Every four years, the presidential candidates try to convince us that they are different: that they really are the good shepherd that we have been looking for. Every four years the inexperienced believe them; but the experienced know that it is only a matter of time before the new president’s mistakes begin to pile up, and he turns out not to be so wise after all; and the corruption scandals of his administration begin to appear, and we see that they were still hoping to exploit their offices for their own benefit. So we are back to Plato’s question: Where do you find a good shepherd?

Throughout the Old Testament, we see references to flocks of sheep and their shepherds, often literally, because these were quite common in their society. And we also see the same analogy made of the ruler as shepherd. At several points, someone observes that the People of Israel appear, at that moment, like sheep without a shepherd—the same phrase found in today’s Gospel reading. And what do they mean? If we examine the different Old Testament passages, we see that without a shepherd, sheep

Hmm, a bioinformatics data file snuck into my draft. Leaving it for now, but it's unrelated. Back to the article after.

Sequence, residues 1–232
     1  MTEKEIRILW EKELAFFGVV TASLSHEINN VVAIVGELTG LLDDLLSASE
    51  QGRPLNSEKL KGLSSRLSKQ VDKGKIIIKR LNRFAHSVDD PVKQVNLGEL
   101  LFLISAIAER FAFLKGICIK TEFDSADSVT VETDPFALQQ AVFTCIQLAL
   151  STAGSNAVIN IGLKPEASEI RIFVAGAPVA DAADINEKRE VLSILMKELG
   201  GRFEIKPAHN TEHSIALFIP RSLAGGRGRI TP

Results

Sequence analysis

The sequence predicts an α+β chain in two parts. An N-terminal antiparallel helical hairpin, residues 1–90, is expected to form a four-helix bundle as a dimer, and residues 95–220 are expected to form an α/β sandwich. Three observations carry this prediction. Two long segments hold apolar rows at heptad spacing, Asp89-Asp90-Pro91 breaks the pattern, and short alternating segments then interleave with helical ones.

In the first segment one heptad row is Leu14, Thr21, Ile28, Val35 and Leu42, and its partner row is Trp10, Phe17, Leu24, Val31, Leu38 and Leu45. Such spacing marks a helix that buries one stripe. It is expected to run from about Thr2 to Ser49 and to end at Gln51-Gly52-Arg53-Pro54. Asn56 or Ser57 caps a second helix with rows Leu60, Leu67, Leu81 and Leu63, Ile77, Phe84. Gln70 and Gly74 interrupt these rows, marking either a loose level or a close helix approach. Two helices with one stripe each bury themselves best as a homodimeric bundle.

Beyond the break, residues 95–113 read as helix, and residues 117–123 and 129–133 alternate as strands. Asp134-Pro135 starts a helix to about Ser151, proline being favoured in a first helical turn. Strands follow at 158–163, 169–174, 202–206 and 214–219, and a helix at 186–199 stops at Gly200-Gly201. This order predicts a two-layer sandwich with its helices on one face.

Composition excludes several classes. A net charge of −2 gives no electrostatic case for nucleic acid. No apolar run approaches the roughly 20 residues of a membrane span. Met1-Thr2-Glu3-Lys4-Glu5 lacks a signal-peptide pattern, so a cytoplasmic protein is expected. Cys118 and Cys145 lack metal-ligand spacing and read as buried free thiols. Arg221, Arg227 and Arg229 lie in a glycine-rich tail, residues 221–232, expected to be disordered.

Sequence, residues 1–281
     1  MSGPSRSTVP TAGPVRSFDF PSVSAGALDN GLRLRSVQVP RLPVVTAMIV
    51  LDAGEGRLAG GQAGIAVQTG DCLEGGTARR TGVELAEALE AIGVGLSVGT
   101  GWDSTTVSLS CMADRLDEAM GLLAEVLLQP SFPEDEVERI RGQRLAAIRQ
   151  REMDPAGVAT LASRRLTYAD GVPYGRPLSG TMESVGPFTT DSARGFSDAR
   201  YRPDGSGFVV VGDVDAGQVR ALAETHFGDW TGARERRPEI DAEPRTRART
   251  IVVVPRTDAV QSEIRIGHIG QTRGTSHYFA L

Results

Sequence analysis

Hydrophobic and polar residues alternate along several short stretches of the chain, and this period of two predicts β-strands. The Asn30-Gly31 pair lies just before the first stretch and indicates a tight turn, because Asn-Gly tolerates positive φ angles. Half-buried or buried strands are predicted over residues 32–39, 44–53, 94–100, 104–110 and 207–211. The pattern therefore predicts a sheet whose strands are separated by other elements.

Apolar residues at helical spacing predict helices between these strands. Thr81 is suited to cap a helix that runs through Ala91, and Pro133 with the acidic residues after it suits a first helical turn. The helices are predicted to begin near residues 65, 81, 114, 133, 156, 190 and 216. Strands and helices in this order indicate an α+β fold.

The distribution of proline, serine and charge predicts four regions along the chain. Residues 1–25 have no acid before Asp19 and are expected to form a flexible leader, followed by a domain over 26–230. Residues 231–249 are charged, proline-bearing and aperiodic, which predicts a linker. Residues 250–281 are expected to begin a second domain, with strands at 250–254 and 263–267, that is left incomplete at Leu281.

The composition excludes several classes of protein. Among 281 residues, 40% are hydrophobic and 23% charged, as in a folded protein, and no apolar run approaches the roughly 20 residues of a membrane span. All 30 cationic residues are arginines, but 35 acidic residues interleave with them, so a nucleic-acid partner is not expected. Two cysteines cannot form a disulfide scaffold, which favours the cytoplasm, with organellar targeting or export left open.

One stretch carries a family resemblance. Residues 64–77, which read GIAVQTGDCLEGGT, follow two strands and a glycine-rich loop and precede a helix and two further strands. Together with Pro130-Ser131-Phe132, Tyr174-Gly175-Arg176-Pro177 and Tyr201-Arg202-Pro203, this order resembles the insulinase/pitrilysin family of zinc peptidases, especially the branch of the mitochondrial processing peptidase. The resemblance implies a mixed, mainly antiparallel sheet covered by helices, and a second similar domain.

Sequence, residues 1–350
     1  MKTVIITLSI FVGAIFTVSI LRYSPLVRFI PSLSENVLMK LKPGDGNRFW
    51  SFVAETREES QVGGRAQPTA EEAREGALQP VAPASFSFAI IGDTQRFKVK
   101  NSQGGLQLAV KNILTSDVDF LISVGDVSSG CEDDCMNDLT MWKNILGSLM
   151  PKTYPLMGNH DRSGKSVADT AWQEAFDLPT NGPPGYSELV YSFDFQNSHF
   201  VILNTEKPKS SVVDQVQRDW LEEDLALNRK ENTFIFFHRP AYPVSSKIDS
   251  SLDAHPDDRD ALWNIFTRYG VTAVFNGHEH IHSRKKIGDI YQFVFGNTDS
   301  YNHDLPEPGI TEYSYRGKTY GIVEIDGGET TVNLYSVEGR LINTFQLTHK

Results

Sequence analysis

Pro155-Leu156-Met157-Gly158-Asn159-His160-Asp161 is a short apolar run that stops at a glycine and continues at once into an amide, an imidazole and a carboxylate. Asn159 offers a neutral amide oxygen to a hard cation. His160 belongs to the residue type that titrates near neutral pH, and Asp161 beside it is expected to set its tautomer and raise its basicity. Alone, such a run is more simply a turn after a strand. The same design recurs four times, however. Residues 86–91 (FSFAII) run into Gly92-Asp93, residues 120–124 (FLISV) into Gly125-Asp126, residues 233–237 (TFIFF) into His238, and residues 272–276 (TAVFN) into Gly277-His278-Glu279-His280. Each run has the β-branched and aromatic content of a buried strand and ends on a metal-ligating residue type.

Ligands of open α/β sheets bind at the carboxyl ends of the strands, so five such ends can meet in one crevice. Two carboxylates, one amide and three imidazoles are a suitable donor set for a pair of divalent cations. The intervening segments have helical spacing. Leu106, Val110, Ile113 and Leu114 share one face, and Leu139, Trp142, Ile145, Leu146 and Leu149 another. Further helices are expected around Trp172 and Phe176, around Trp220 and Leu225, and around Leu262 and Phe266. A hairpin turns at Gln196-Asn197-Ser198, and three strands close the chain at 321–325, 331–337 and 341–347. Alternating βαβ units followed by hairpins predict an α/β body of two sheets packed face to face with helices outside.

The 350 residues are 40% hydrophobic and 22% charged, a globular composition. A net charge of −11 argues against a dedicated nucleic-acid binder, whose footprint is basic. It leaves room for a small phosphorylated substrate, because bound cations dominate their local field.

• Lose their unity and become scattered from each other;
  • Don’t know where to go and wander aimlessly;
  • Don’t know where to find good pastures and become hungry;
  • And are vulnerable to attacks by predators.
  • If one gets injured, there is no one to bind up its wounds.
  • And if one gets separated from all the others, there is no one to search for it, and all of these dangers become even more pronounced for that one stray sheep.

Whereas a shepherd

  • Gathers the sheep into one flock;
  • Knows where the sheep need to go, and guides them there;
  • Knows where good pastures are, and feeds them;
  • Defends the flock against predators;
  • Binds up their wounds;
  • And searches for the lost sheep and brings it back to safety.

Many times we see the People of Israel described as the flock belonging to the Lord. And who was its shepherd? A few times, the Lord himself is identified as the shepherd. One of those times is the well-known Psalm 23, which is today’s psalm, and we hear the psalmist describe how he has experienced the Lord himself fulfilling the duties of a shepherd.